We are optimistic that the industry will be able manage both loss of exclusivity and regulatory changes (global prescription drug sales are projected to reach $1.6 trillion by 2028, up 40% from 20226). But for many large pharmaceutical companies, maintaining growth will require increased business development activity, including mergers and acquisitions. The upcoming challenges underscore the need to identify the companies most at risk – and those that could stand to benefit. As we have noted over the past year, large-cap pharmaceutical companies have an estimated $500 billion in available cash to replenish product pipelines.7 We believe biotech’s combination of low valuations and accelerating innovation create the potential for upside: of deals announced within recent months, many have offered premiums of 100% or more. Should innovative new medicines continue to be developed for high, unmet medical needs, we believe more blockbuster deals will ensue.
Health care industries are subject to government regulation and reimbursement rates, as well as government approval of products and services, which could have a significant effect on price and availability, and can be significantly affected by rapid obsolescence and patent expirations.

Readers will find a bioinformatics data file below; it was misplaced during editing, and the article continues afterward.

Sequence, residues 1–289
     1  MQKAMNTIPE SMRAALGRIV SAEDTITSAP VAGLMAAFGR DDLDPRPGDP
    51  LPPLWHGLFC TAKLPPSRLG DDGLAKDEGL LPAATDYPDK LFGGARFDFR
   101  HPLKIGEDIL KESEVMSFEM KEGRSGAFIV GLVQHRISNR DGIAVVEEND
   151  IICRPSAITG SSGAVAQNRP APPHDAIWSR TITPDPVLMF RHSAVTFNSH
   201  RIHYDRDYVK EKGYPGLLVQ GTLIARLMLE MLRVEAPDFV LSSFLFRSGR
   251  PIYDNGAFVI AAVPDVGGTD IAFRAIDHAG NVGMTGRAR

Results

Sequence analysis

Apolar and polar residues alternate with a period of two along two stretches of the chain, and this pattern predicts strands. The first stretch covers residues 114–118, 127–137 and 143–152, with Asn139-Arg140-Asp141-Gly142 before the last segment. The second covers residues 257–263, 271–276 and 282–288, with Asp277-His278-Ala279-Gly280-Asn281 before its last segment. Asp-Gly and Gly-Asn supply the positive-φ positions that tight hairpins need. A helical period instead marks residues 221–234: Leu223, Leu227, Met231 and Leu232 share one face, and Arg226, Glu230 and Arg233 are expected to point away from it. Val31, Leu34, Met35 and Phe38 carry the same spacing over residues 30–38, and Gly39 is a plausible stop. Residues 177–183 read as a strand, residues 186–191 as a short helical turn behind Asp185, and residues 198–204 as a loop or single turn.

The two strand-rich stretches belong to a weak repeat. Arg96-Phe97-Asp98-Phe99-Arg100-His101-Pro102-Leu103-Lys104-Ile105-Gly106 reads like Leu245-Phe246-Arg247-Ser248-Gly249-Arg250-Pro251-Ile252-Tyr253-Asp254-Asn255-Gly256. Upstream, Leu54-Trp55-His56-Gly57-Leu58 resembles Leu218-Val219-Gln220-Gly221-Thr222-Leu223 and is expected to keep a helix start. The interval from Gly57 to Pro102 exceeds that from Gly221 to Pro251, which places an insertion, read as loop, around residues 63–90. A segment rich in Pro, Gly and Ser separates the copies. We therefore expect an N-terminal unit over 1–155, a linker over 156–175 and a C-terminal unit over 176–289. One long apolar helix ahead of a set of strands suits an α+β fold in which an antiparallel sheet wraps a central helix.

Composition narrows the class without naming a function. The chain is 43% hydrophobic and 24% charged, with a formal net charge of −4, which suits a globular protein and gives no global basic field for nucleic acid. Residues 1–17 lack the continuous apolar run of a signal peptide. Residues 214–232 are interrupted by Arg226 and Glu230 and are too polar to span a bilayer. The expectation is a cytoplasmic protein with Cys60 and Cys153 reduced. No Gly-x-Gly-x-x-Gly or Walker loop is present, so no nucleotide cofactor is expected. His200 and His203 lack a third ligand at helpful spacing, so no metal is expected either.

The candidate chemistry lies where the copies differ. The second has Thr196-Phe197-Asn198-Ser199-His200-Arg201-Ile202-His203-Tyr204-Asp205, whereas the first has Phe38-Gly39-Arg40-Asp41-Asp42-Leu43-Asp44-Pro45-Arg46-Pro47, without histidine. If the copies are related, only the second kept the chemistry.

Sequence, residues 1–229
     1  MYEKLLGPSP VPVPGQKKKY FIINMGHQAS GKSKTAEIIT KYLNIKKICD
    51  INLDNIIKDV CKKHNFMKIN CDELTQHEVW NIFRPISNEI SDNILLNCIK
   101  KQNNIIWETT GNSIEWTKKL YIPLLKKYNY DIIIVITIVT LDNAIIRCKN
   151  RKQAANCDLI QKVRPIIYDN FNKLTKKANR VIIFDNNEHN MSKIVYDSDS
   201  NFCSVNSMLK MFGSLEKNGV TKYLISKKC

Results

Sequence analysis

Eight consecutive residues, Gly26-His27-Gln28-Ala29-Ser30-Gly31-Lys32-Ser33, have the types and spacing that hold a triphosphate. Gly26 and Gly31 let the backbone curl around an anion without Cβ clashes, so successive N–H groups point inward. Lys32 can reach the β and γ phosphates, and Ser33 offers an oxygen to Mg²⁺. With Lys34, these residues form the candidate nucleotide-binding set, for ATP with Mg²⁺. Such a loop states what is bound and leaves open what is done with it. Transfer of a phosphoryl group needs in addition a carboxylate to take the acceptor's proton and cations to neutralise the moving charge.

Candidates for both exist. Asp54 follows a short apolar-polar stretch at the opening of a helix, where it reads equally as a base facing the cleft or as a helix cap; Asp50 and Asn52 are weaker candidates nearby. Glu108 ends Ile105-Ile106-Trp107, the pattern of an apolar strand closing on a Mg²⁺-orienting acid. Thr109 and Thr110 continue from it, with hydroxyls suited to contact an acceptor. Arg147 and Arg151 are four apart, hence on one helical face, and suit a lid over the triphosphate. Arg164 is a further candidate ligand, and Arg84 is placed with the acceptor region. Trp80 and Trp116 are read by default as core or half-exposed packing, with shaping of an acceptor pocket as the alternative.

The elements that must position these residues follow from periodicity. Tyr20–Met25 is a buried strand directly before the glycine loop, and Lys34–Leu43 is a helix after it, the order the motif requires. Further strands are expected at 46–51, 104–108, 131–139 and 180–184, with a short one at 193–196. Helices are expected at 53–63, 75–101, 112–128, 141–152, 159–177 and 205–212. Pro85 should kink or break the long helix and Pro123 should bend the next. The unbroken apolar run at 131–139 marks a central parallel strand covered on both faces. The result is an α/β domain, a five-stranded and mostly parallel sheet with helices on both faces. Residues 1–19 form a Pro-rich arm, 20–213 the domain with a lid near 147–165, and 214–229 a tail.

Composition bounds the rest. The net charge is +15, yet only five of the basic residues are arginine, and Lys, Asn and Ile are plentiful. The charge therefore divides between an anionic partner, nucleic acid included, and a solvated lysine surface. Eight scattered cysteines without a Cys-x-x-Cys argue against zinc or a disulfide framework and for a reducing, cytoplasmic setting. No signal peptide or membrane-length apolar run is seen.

1 Bloomberg, data from 8 February 2021 to 10 April 2023. Data based on S&P Biotechnology Select Industry Index – which comprises stocks in the S&P Total Market Index that are classified in the GICS biotechnology sub-industry – and the S&P 500 Index.
2 Janus Henderson Investors. Data from 31 December 1999 to 31 December 2022.
3 Food and Drug Administration, data as of 31 December 2022.
4 Janus Henderson Investors, as of 31 December 2022.
5 Jefferies, as of 5 February 2023.
6 Evaluate Pharma, “World Preview 2022 Outlook to 2028: Patents and Pricing,” October 2022.
7 Jefferies, as of 5 February 2023.
These are the views of the author at the time of publication and may differ from the views of other individuals/teams at Janus Henderson Investors. Any securities, funds, sectors and indices mentioned within this article do not constitute or form part of any offer or solicitation to buy or sell them.
Past performance does not predict future returns. The value of an investment and the income from it can fall as well as rise and you may not get back the amount originally invested.
The information in this article does not qualify as an investment recommendation.